The new Belgian government, led by Alexander De Croo, has taken the oath of office at the royal palace in Brussels, in the presence of King Philippe.
First to take the oath was De Croo himself, who leads a seven-party coalition government, and a team of ministers and junior ministers made up mainly of new faces.
“I swear allegiance to the king, obedience to the Constitution, and to the laws of the Belgian people,” he said, first in Dutch, then also in French and German.
Then came the vice-premiers, led by Pierre-Yves Dermagne of the coalition’s largest party PS. He and his fellow deputies were followed by ministers and secretaries of state.
The swearing-in is a solemn occasion, but none will have missed the gleam in the eyes of Sophie Wilmès above her face-mask, now relieved of the burden of prime ministerial office, and free to go ahead as Belgium’s first-ever woman minister for foreign affairs.
The ministers in general took the oath in both French and Dutch, although some repeated it in German, no native German-speakers being included in the ministerial team.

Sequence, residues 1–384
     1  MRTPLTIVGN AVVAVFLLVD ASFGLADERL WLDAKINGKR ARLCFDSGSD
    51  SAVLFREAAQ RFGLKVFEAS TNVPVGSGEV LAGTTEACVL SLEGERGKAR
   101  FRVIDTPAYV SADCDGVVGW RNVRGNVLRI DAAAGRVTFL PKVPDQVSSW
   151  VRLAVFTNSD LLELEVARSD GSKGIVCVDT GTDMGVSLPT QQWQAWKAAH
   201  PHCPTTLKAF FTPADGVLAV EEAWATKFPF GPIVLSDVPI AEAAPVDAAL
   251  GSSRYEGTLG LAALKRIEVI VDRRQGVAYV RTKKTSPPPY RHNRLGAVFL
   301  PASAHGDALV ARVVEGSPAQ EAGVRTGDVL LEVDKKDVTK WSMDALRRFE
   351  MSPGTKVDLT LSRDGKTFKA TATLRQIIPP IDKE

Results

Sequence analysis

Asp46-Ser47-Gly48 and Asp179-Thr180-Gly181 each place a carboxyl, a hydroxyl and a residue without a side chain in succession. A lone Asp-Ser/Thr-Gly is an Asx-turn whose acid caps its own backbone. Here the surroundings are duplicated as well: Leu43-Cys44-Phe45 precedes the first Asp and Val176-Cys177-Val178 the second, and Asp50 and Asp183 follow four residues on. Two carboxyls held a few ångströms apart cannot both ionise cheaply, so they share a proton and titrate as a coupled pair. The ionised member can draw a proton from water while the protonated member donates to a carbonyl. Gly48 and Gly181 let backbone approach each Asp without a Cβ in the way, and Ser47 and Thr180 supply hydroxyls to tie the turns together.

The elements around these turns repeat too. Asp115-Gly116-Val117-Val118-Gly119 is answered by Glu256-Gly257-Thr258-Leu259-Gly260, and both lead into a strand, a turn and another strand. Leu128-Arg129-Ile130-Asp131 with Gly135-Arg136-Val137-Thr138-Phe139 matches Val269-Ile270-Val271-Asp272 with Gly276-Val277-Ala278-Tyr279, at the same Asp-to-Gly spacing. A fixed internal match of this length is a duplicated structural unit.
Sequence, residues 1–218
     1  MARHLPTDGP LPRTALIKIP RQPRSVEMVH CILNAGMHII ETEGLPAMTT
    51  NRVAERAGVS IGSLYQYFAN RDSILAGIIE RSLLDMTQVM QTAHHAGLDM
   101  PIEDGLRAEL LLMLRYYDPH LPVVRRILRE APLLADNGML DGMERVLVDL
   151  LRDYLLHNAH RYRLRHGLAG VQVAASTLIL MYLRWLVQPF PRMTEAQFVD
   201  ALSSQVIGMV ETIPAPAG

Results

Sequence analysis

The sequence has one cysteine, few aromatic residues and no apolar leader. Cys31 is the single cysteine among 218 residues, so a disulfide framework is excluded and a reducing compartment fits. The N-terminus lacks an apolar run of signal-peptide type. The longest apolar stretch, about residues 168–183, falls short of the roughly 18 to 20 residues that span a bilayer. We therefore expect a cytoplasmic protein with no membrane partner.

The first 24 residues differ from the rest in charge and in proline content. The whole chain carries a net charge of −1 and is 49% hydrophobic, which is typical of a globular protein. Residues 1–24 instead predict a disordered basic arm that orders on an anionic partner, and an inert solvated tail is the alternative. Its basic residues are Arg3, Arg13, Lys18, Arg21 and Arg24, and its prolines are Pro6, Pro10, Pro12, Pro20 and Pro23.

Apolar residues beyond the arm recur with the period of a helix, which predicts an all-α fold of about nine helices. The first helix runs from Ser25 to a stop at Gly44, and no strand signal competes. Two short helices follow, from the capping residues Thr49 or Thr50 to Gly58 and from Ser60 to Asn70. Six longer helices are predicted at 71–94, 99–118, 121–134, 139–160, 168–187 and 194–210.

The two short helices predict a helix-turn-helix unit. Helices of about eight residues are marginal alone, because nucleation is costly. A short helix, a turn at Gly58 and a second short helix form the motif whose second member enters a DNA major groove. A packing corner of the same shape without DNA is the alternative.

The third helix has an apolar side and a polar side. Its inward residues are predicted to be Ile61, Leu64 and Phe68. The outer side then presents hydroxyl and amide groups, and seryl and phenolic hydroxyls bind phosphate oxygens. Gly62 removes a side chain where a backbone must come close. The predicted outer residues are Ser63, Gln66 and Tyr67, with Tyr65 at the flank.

Later, De Croo posted the ‘family photo’ on Twitter.
🇧🇪 De regering heeft de eed afgelegd.
Met een verstandig crisisbeleid staan we klaar om iedereen te beschermen die het moeilijk heeft. Maar tegelijk ook vertrouwen en vrijheid geven aan mensen die vooruit willen.#begov pic.twitter.com/63p08HdrkP
— Alexander De Croo 🇧🇪🇪🇺 (@alexanderdecroo) October 1, 2020
“With a sensible crisis policy, we are ready to protect all those in difficulty but also to give confidence and momentum to those who want to move forward,” he tweeted.
The new ministerial team includes vice-premiers from each of the seven parties. Apart from De Croo himself, familiar faces are limited to Sophie Wilmès, the prime minister until today, Frank Vandenbroucke, a veteran Flemish socialist politician, and David Clarinval, Wilmès’ budget and science minister.
Vincent Van Quickenborne, mayor of Kortrijk and former minister for administrative simplification, comes in at De Croo’s right hand as their MR party’s deputy PM.
Van Quickenborne, popularly known as Q and Quicky, was De Croo’s main supporter when he became president of the party, and is thought to have been the main influence in getting him to stand for the post – as he recently also did with current president, Egbert Lachaert.
The Brussels Times